A judge in California has ruled that a law banning gay marriage in the state is unconstitutional.
San Francisco became the first US city to permit gay marriage
San Francisco Superior Court Judge Richard Kramer said the state had no rational reason for limiting marriage to a man and a woman.
Last year, California's Supreme Court annulled 4,000 gay marriages, which had taken place in defiance of state law.
Correspondents say this is not the end of the fight, but is a legal and moral victory for supporters of gay marriage.
Just over a year ago, San Francisco became the first place in the US where gay couples were able to marry after Mayor Gavin Newsom authorised same-sex marriage licences, claiming current legislation was discriminatory.
In August, the state's Supreme Court ruled the mayor had overstepped his authority and nullified the unions.
However, it sidestepped the issue of whether the state law defining marriage as between a man and a woman violated California's liberal constitution.
In his landmark decision on Monday, Judge Kramer ruled that the state law did violate a constitutional right to equal treatment for all citizens.
"Same-sex marriage cannot be prohibited solely because California has always done so before," Judge Kramer wrote, ruling on the case brought by Mr Newsom and 12 same-sex couples.
The issue is now expected to go back to California's Supreme Court.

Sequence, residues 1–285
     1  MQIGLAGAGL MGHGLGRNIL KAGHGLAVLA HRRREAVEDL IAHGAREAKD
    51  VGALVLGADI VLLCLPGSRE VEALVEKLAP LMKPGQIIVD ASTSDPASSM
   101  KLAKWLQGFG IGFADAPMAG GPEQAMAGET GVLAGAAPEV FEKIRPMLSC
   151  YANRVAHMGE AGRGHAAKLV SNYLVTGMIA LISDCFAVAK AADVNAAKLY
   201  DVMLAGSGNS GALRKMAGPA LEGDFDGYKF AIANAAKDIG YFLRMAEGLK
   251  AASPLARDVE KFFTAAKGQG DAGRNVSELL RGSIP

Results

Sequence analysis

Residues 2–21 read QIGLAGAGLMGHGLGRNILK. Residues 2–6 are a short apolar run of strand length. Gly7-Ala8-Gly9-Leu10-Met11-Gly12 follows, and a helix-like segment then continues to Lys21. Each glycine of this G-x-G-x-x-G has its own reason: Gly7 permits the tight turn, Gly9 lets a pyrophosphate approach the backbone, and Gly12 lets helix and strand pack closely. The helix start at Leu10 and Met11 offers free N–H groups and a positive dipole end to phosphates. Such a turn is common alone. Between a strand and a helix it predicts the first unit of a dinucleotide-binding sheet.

Dave Chandler, who married his male partner last year, told the BBC he was "cautiously optimistic" the courts would eventually rule in favour of gay marriage.
The executive director for the National Center for Lesbian Rights, Kate Kendell, said: "It's such a historic and wonderful day to have the court rule as it did.
"The court was unequivocal in finding there is simply no tenable basis for not permitting lesbian and gay couples to marry."
One of the conservative groups that challenged the gay marriages in San Francisco, Liberty Counsel, vowed to appeal against the latest ruling.
"Marriage should not be undermined by the stroke of a pen from a single judge," said the group's president Mathew Staver. "To rule that there is no rational purpose to preserve marriage as the union of one man and one woman is ludicrous."
In November, voters in 11 US states overwhelmingly rejected gay marriages in referendums.